Protest graffiti in Taikoo Shing
Not installation art but brick road blocks!
This week is far from over but already it's felt plenty long due to so much having already happened -- so much of it, sadly, so bad. Monday saw a cop shooting three live rounds at protesters (but, apparently, only hitting one) and a man set ablaze. Tuesday saw the police mount a major bid to enter the campus of the Chinese University of Hong Kong (CUHK) that involved their firing over 1,000 cannisters of tear gas in that area alone (and 1,567 in total that day along with 1,312 rubber bullets, 380 bean bag rounds and 126 sponge grenades) and turning it into a veritable war zone.
While things could be said to be quieter on Wednesday than the two preceding days, we're still talking about a day with ample violent clashes around the territory and major traffic disruptions to prompt various universities to suspend classes, some for the remainder of the semester. Also, there is a distinct sense of fear spreading -- at least among store owners as well as individuals -- with a number of shops, eateries and bank branches closing early for the day in my neighborhood despite it actually turning out to be one of the parts of Hong Kong that didn't see any violence yesterday. In addition, last night was the second time this week that a Hong Kong Asian Film Festival screening I had a ticket for was cancelled, with the cinemas closing early: something they don't do even when Typhoon Signal No. 8 is hoisted!
Soon after I woke up this morning, I got to realizing that today would be another bad day for Hong Kong. Among the news that greeted me was of a young, black-clad man having died in a fall in Tsuen Wan and tear gas having been fired into the Hong Kong Polytechnic University campus. And of the two people caught up in violent clashes who I read were in critical condition this morning, one (the 70-year-old cleaner who was hit in the head by a brick thrown during a clash between pro-democracy protesters and Beijing loyalists) has not managed to make it through the day.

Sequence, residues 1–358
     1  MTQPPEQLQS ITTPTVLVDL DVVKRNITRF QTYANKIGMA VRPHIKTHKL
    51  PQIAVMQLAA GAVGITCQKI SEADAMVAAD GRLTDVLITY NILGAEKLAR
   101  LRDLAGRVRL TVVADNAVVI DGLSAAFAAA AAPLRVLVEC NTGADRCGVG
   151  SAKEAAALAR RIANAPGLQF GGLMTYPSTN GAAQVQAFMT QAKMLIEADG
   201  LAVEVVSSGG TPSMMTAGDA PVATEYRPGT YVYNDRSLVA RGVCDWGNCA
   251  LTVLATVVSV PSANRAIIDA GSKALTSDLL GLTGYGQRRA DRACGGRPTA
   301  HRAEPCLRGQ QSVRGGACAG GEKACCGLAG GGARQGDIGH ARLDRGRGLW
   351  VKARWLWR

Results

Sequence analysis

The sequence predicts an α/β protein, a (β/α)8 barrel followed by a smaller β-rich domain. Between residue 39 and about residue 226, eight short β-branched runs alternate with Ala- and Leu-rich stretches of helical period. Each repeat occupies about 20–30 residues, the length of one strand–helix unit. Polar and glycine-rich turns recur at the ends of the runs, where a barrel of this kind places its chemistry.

Amidst the death and destruction though, many Hong Kongers still are spiritedly resisting and showing support for one another as well as the anti-government protests that now have been going on for more than five months now (even if you "just" count from June 9th rather than the dates of the two earlier anti-extradition bill protests which took place in March and April). You might say it's inevitable, given how the government has lost all credibility (not least because it's shown itself to be controlled by Beijing), but the fact of the matter is that protesters are taking risks and making sacrifices to exercise what rightfully should be their freedoms of speech, movement, assembly and such.
Amidst the horrors of this week, I'm going to take heart from the fourth consecutive day of lunchtime protests in Central not having elicited tear gas being shot in that part of town today (unlike on Monday and Tuesday) -- and the lunchtime protests having spread to Quarry Bay and Taikoo Shing this afternoon. So too that a rally to show support for firefighters and first aiders took place at Edinburgh Place this evening. And that, despite there having been so many attempts to destroy them, Lennon Walls old and new are still blooming in various parts of the territory.